Not only was 9-year-old Christopher Baker placed in a bag and the drawstring tied on December 14 at Mercer County Intermediate School in Harrodsburg in central Kentucky, but it wasn’t even the first time. This inhumane and inappropriate treatment had been previously used on Christopher, who’s autistic and in a special education program. His parents had not been informed.
On that December morning last week, Christopher’s mother, Sandra Baker, heard him say “‘Momma, is that you?’” from inside the duffel bag and found him “stuffed” in it; she said “‘his poor little eyes were as big as half dollars and he was sweating.’” An aide had been standing beside the bag and told Baker that she thought Christopher had been in it for about 20 minutes, but she was not exactly sure how long.
According to the Associated Press (via the San Jose Mercury News), school officials told Baker that Christopher had been placed in what they call the “therapy bag” because he had been “‘jumping off the walls.’” She met with school officials a few days after the incident and was “told the boy had smirked at the teacher when he was told to put down a basketball, then threw it across the room.”
What happened to Christopher makes it all too clear why we need national guidelines about the use of restraints and seclusion in public schools, and especially regarding students with disabilities. Such students may be “misbehaving” (as the Mercer County school district put it) for reasons such as sensory overload, frustration or anxiety, and not be able to communicate their feelings and needs effectively in language (indeed, some students, like my 14-year-old son Charlie are minimally or non-verbal). Furthermore, parents should be informed immediately after restraints or seclusion are used on a child, and parents and the student’s Child Study Team need to meet and discuss pro-active strategies to address difficult behaviors.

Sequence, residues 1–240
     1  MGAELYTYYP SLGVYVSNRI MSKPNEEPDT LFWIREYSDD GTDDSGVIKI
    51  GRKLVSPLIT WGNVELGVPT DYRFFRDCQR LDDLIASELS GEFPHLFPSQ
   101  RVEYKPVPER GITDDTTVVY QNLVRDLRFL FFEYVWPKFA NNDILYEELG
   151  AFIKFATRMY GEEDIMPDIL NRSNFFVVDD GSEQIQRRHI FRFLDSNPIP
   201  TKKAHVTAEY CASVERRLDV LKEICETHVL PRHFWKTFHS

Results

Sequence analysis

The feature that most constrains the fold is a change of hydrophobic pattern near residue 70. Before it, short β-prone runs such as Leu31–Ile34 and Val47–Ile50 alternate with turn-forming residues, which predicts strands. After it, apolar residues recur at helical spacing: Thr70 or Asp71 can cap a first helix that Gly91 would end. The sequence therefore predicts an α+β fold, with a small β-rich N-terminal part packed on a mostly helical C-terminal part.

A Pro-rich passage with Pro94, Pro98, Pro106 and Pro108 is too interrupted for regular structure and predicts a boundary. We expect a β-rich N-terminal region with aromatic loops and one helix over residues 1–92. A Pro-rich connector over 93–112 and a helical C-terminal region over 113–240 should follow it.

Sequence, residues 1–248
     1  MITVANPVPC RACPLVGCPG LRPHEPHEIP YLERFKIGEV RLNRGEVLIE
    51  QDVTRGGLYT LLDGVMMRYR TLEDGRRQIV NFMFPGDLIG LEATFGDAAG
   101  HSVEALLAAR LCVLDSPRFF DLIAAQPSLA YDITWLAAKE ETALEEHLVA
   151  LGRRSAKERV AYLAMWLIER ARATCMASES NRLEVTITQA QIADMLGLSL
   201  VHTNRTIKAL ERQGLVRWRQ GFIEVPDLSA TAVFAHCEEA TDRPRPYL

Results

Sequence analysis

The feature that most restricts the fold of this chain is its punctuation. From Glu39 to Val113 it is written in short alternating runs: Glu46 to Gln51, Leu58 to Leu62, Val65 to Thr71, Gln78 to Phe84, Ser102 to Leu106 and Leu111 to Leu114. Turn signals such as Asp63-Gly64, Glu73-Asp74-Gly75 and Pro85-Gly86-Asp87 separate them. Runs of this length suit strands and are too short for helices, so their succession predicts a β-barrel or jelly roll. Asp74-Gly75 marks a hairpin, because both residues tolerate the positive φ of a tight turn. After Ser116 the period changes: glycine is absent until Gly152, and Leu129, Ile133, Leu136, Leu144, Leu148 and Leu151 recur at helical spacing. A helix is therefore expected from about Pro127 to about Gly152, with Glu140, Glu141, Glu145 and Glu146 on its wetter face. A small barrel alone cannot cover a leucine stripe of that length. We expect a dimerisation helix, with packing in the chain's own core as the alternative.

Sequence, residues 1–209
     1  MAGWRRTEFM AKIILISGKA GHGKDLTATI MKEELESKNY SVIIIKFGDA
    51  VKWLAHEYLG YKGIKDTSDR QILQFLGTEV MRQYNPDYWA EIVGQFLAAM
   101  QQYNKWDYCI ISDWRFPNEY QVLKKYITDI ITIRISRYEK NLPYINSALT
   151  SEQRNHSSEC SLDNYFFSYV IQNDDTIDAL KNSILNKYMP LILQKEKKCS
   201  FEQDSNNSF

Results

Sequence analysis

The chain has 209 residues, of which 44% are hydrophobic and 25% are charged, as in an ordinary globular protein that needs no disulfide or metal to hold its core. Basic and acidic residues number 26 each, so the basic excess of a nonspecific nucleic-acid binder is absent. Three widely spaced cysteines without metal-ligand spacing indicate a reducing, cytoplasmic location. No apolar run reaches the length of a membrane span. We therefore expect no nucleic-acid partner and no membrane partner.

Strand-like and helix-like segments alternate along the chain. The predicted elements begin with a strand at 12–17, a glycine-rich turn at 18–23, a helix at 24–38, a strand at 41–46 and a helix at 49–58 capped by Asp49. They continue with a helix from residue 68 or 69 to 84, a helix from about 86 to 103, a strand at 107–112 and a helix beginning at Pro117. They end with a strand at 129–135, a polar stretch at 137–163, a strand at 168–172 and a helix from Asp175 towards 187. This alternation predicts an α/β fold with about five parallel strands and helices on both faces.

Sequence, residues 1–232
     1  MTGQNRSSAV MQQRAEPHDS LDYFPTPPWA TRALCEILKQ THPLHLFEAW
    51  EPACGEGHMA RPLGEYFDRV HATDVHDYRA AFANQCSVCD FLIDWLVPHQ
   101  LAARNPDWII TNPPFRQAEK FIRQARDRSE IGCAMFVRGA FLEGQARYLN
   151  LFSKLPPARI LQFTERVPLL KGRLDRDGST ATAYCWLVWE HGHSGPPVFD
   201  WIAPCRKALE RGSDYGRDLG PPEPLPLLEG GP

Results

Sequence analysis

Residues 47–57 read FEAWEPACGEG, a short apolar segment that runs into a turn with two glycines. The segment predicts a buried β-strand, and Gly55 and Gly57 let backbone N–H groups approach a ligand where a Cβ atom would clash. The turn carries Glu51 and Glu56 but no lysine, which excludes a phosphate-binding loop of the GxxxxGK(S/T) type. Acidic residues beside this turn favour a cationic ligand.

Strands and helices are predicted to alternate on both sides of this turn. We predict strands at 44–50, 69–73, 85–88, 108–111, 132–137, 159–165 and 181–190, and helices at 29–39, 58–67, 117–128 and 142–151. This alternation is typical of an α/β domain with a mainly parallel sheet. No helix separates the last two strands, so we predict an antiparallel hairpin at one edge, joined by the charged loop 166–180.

Earlier this week, Iowa Democratic Sen. Tom Harkin filed the “Keeping All Students Safe Act”, which closely resembles a bill filed by Rep. George Miller, D-Calif., in April. While Miller’s bill passed the House of Representations, it was not taken up by the Senate; Harkin’s bill still needs cosponsors, as Nirva Shah writes on Edweek’s On Special Education blog. Some of what the bill would provide are the following:
…ban the use of physical restraints except in emergency situations; prohibit physical restraints that affect a student’s primary means of communication; forbid putting seclusion or restraint into a student’s individualized education program or IE; require states to collect data on the use of the measures, and ask schools to meet with parents and staff after a restraint is used and plan interventions that would prevent their use in the future.
Kentucky does not have laws regarding the use of restraints and seclusion in its public schools, according to its Department of Education’s website. Back in July, a state agency had sent a letter to special education directors, describing two formal complaints that the state had received:
In one, “a student (was) nearly asphyxiated while being restrained,” and in the other, a student vomited from panic attacks after spending most of an academic year “confined to a closet, with no ventilation or outside source of light,” according to the letter.
The punitive, degrading and simply uncalled for treatment of Christopher Baker — placed in a bag that was drawn shut — sounds like some horrific torture method from ancient or medieval times. We need to enact legislation like the “Keeping All Students Safe Act” to ensure that our students who have some of the greatest challenges are protected, treated with dignity and taught, not tormented.
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